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Photographer's Note

Bukhara in Uzbekistan is an ancient oasis city along the fabled Silk Route and it is said that the sun shines up from the city for it is so noble. For centuries it was a centre of trade and Islam, earning the title Bukhoro-i-Sharif, or "Noble Bukhara" among Muslims (one of the seven holy cities of Islam). The city itself boasts impressive architecture and history. It is one of the few places in Central Asia where one can feel the heartbeat of ancient Central Asia. Most of the city remains intact and most of the 250,000 inhabitants are members of families who have lived there for generations upon generations.

Central Asia’s holiest city, Bukhara, which is more than 2,000 years old, has buildings spanning a thousand years of history, and a thoroughly lived-in old centre that probably hasn’t changed much in two centuries. It is one of the best places in Central Asia for a glimpse of pre-Russian Turkestan.

Most of the centre is an architectural preserve, full of madressas, a massive royal fortress and the remnants of a once-vast market complex.

Po-i-Kalyan or Poi Kalyan (Uzbek: Poi Kalon) which means "The Foot of the Great", is an Islamic religious complex located around the Kalyan minaret in Bukhara. Kalon means great and this mosque, locally known as Maedjid-i kalyan was completed circa 1514. It was known also as Jamia (Friday) because all male inhabitants of the city were expected to attend the Friday prayer in this mosque. When Genghis Khan conquered Bukhara and went inside the mosque he thought he was entering the (local) royal palace. When he learnt it was a religious building, he first turned it into a stable and then set fire to it. The current mosque was built in 1514: the portal leading to its courtyard had the objective of showing the wealth and power of the Shaybanid dynasty. In order to allow all the male adults to attend the Friday prayer the courtyard was very large.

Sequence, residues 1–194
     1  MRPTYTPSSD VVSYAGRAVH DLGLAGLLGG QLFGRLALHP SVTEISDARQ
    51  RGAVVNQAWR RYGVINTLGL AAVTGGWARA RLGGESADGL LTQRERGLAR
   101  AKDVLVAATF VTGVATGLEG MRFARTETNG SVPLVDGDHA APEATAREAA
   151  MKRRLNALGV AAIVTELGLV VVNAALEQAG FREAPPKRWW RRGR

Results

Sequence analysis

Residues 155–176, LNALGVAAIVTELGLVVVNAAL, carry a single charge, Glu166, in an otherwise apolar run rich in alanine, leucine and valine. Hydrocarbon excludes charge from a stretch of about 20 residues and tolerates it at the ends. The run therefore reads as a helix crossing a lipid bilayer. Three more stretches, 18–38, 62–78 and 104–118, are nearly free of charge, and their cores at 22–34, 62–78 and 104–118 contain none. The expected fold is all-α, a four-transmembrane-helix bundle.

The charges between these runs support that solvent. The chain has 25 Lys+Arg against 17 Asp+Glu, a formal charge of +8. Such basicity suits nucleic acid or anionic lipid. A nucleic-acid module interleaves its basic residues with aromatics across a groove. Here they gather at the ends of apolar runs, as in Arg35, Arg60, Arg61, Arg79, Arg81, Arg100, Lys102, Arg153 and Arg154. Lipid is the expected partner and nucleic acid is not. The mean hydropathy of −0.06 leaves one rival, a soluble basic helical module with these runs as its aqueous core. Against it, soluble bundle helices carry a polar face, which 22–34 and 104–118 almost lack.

In the background is the Kalon Minaret which was built by the Karakhanid ruler Arslan Khan in 1127. When it was built, the Minaret (whose name means "great" in Tajik) was probably the tallest building in Central Asia. It stands 47m tall and is supported by 10km-deep foundations padded with reeds for earthquake-proofing. In 850 years, it has never needed any structural repairs.

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Additional Photos by Angshuman Chatterjee (Angshu) Gold Star Critiquer/Gold Star Workshop Editor/Gold Note Writer [C: 7851 W: 324 N: 16060] (56760)
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